Massachusetts minimum wage

$14.25 State minimum wage

Massachusetts minimum wage is $14.25/hour as of January 1, 2022.

Note: There are many circumstances in which different wages may be paid. See links below for more information. Minimum wage will go up in steps to reach $15 per hour in January 2023.

Tipped employees

$6.15 Service employees minimum wage

Tipped employees minimum wage is $6.15 as of January 1, 2022. This rate will go up in steps to reach $6.75 per hour in January 2023.

The minimum wage for tipped employees who make more than $20 a month in tips is $6.15 an hour. However, for employers to pay these employees this different minimum wage they must inform the employee of this law and the employee must receive at least the $14.25 minimum wage when actual tips and wages are combined. In addition, all tips must be retained by the employee or distributed through a valid tip-pool as defined by MGL c.149 § 152A. If the combined wages and actual tips do not at least equal the regular minimum wage, the employer must pay the employee the difference. 

Pay and recordkeeping: tips, Mass. Attorney General.
The law requires employers to calculate the difference between the service rate and earned tips at the end of every shift worked by the employee. Here, you can find examples of how that should be done.

Best bet

Minimum wage program, Dept. of Labor Standards.
Everything you need to know about Mass. minimum wage. Includes links to laws and regulations, forms, complaint information and more. Minimum wage hotline: (617) 626-6952.

Massachusetts laws

MGL c.149, § 152A Service charges and tips

MGL c.151 Minimum Fair Wages. Sections 1 and 7 increase minimum wage over the next several years

Minimum wage
Date Standard Minimum Wage Tipped Minimum Wage
January 1, 2021 $13.50 $5.55
January 1, 2022 $14.25 $6.15
January 1, 2023 $15.00 $6.75

Massachusetts regulations

454 CMR 27 Minimum wage

Federal laws

$7.25 Federal minimum wage

29 U.S. Code § 206 Minimum Wage
Federal minimum wage is $7.25 per hour, effective July 24, 2009.

Federal regulations

29 CFR Part 541 Defining and delimiting the exemptions for executive, administrative, professional, outside sales and computer employees. "White collar'' exemptions from minimum wage laws.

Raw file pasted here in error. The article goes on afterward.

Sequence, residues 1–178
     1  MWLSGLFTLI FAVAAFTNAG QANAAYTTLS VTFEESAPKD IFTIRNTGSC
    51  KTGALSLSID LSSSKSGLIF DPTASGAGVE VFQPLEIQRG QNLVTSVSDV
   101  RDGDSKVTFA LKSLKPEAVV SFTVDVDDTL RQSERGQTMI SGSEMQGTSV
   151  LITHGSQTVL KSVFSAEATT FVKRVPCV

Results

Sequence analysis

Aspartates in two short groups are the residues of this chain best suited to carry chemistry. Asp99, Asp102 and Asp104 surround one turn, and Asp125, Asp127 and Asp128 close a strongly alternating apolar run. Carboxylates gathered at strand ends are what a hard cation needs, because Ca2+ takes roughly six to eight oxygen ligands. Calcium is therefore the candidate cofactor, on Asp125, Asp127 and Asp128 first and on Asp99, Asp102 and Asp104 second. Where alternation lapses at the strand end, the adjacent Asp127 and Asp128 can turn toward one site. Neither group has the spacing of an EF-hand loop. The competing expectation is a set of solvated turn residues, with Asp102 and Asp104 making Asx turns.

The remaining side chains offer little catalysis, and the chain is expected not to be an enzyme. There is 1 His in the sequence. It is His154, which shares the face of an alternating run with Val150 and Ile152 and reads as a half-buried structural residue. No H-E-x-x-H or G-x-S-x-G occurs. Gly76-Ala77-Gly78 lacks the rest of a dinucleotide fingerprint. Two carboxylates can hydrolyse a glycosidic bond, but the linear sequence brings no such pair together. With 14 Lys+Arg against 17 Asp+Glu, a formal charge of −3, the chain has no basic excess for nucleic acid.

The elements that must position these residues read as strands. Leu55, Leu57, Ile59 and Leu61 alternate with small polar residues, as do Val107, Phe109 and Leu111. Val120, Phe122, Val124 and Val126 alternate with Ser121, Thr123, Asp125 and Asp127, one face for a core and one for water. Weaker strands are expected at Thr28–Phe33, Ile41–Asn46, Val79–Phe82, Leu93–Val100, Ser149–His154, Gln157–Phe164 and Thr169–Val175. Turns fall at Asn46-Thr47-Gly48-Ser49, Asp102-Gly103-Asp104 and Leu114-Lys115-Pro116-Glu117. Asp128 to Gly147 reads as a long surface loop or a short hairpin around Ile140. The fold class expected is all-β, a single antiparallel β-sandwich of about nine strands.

Selected case law

Capron v. Mass. Attorney General, 944 F.3d 9, (2019), cert. denied, June 22, 2020.
Au pairs in Massachusetts must be paid according to Massachusetts minimum wage and overtime laws, not the lower Federal minimum wage. 

Meshna v. Scrivanos, 471 Mass. 169, (2015)
“If an employer failed to communicate a no-tip policy clearly to customers, who then left tips retained by the employer, the employer was liable under the Tips Act because the money remained a “tip” that was reasonably expected to be given to the employee.”

Web sources

Attorney General Opinion Letter MW-02-13-02: Applicability of M.G.L. c. 151 to Town Employees, Mass. Attorney General.
Municipal employees are excluded from the state minimum wage law, but are subject to the federal minimum wage. 

Federal minimum wage information, US Dept. of Labor.
Includes links to federal laws and regulations, and web pages on a variety of minimum wage topics.

Minimum wage and overtime information, Executive Office of Labor and Workforce Development.
Includes basic, clearly-written, information about minimum wage and overtime in Massachusetts.

Print sources

Employment law, 3rd ed. (Mass Practice v.45), Thomson Reuters, 2016 with supplement. Chapter 16:1 Minimum Wage.

Labor and employment in Massachusetts: a guide to employment laws, regulations, and practices, 2nd edition, Hirsch, Jeffrey L., Lexis Law Publishing, loose-leaf, updated with supplements.

Massachusetts wage and hours handbook, MCLE, 2022.

Wages and hours: law and practice, Matthew Bender, loose-leaf, updated with supplements.


Last updated: September 26, 2022